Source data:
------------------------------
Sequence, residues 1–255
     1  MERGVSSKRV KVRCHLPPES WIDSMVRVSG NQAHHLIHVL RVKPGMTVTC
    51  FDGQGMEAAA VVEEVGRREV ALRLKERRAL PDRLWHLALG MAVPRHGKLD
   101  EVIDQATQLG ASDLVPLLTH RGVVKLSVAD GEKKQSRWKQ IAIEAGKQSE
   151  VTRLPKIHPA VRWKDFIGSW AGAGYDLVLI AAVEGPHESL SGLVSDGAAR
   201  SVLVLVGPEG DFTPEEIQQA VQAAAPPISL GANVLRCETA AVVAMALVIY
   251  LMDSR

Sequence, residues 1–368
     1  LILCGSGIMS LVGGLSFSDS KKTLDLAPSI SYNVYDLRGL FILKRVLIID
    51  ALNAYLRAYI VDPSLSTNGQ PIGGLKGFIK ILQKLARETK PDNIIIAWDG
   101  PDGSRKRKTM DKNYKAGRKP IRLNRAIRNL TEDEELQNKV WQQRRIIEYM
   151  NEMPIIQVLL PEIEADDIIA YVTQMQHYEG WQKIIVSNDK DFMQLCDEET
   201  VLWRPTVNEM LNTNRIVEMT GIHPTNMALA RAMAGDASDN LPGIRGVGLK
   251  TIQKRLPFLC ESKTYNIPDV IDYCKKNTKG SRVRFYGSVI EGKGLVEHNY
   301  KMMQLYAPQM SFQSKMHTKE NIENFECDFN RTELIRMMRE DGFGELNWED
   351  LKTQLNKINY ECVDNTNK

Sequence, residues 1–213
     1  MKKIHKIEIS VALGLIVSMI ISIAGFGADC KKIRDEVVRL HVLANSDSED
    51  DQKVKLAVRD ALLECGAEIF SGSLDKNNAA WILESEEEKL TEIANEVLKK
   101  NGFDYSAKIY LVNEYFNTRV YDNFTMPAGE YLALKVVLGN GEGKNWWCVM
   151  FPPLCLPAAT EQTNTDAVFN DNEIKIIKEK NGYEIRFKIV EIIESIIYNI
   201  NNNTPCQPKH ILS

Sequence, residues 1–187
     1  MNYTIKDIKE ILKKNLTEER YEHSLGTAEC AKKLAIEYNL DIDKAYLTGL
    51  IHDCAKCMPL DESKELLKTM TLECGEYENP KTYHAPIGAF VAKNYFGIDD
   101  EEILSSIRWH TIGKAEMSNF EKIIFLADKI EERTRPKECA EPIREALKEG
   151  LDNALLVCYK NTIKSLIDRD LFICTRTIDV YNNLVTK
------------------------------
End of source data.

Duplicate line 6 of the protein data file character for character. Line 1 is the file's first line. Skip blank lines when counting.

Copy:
   201  SVLVLVGPEG DFTPEEIQQA VQAAAPPISL GANVLRCETA AVVAMALVIY